Let these plants be used as a stepping stone to empowerment and dignified lives for the recipients. While these milling plants would depend on locally produced maize, it is important that farmers in these areas guard against briefcase maize buyers to ensure sustained supply of the commodity to the plants.

Believe or not, locally produced cassava or sugarcane by the same cooperatives and others would have value added if they could be used for biofuels. Another route to value addition is for producers of sugarcane molasses and cassava starch to take control of biofuel processing and marketing. Whether the commodity is sugarcane, cassava or any other agricultural product, there is no reason why cooperatives cannot benefit from a greater share of the value of the produce grown and picked by their own hands.

It is a well-known fact however, that value-added agriculture is seen as a good way for small-scale farmers in Zambia to develop their businesses. Consider cassava, the shrub cultivated for its starchy, edible root, of which Zambia is one of the African continent’s largest producers. The country is making a mark in the cassava production in the sub-region which currently stands at over one million metric tonnes per year, making it the most important crop grown in Zambia after maize.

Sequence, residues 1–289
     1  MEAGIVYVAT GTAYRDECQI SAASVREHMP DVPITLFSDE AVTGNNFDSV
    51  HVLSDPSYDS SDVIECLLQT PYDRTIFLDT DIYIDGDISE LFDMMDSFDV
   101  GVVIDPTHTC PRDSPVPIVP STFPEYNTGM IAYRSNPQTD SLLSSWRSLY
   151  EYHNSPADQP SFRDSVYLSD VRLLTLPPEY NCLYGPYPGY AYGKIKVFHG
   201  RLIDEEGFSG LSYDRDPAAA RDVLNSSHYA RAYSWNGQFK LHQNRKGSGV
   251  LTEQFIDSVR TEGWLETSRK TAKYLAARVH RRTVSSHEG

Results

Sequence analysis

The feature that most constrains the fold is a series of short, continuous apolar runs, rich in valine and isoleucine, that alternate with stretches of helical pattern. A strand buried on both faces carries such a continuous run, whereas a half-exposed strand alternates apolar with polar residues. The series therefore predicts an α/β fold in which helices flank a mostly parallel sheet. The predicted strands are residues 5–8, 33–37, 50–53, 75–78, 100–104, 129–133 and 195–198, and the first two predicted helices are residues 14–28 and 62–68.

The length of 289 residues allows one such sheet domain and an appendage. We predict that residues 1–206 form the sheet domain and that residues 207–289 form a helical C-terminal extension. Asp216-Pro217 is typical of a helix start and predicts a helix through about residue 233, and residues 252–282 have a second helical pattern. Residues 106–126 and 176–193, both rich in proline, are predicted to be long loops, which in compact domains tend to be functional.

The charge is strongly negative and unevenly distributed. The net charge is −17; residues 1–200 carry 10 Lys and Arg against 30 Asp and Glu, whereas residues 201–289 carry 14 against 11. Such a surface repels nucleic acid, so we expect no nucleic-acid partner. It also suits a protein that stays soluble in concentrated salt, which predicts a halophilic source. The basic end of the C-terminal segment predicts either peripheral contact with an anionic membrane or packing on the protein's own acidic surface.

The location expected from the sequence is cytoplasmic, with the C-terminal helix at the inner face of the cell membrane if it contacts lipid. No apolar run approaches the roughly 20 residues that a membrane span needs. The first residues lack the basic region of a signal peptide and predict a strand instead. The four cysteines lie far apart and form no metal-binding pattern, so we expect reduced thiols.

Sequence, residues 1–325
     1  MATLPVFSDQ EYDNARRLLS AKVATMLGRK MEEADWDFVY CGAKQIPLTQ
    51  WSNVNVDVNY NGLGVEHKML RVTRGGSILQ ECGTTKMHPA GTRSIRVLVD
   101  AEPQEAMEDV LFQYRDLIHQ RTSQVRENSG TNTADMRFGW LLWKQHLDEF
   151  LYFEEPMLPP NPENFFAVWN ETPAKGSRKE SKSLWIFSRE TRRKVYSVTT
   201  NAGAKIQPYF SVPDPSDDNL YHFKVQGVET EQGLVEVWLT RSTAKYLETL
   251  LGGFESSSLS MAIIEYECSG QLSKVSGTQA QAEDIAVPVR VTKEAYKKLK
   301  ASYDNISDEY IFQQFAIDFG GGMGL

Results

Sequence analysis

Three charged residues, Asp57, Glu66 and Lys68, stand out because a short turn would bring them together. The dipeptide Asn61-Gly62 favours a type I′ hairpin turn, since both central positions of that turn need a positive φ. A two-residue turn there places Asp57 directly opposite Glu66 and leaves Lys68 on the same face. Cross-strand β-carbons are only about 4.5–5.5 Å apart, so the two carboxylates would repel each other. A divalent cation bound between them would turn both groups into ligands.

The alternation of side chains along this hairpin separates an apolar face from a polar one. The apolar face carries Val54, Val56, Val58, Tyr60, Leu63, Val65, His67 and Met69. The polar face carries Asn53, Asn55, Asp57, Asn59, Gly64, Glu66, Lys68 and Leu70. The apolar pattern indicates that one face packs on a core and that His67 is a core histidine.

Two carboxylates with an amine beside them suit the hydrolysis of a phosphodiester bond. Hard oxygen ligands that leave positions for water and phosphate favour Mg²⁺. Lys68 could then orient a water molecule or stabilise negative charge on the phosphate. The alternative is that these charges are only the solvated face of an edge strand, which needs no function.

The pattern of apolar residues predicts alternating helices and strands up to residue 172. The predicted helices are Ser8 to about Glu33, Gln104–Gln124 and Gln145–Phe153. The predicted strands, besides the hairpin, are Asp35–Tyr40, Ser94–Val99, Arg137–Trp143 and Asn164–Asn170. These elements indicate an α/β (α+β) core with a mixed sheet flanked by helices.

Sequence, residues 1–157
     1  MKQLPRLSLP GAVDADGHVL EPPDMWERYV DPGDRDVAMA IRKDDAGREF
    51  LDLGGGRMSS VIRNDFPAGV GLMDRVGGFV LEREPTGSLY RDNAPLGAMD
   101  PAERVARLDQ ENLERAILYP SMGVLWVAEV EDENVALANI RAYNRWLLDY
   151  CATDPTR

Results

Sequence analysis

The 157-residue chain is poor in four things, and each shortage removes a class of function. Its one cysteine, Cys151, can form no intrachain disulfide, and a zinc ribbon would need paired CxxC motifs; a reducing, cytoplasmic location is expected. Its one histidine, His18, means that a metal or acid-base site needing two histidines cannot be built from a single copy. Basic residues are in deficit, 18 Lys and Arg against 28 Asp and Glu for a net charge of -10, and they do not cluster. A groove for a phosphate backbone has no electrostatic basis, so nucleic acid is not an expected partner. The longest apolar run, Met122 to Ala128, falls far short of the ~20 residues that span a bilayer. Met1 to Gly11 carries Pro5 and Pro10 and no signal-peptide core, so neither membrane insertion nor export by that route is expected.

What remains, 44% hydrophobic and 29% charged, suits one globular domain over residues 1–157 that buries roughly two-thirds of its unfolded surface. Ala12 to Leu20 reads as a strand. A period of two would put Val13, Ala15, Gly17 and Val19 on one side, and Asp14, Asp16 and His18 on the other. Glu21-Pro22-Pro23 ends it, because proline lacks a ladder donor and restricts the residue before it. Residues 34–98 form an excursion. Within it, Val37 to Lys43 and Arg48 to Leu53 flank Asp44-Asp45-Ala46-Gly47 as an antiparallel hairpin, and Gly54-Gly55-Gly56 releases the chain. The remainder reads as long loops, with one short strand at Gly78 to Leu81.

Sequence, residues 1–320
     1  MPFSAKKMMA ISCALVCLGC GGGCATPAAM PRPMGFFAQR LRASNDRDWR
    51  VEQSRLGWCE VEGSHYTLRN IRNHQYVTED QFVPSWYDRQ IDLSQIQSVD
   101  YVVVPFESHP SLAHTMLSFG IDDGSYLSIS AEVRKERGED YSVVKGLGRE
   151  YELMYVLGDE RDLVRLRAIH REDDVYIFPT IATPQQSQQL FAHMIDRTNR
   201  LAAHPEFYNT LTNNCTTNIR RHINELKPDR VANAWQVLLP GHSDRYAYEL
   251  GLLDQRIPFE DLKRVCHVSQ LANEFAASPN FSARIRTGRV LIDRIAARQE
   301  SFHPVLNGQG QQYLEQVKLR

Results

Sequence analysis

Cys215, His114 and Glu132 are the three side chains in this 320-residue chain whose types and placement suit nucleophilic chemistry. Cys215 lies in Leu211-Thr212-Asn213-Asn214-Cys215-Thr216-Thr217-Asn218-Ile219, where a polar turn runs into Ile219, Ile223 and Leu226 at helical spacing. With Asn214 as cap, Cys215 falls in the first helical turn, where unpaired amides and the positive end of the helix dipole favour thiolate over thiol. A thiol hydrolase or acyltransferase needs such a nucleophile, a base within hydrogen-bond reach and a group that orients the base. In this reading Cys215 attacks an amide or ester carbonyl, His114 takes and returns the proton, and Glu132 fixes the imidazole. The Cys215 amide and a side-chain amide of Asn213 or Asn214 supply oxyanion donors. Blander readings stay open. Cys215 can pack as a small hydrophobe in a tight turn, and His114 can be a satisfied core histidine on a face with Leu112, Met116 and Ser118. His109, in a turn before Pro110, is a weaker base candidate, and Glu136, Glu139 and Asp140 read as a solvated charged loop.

Profits in agriculture come from adding value – an area of growing importance to the country. The potential is enormous, from multiple use of cassava to finished ethanol-based fuel blend for use in electricity generation for solar milling plants is alluring.

This is important if cooperatives are to sustain low prices of mealie-meal on the market and boost their businesses. The cooperatives should also ensure that they have enough and safe storage facilities to keep the grain for a longer period to avoid wastage. If not, they should lobby ZCF, the government and other stakeholders to avail or put up the facilities.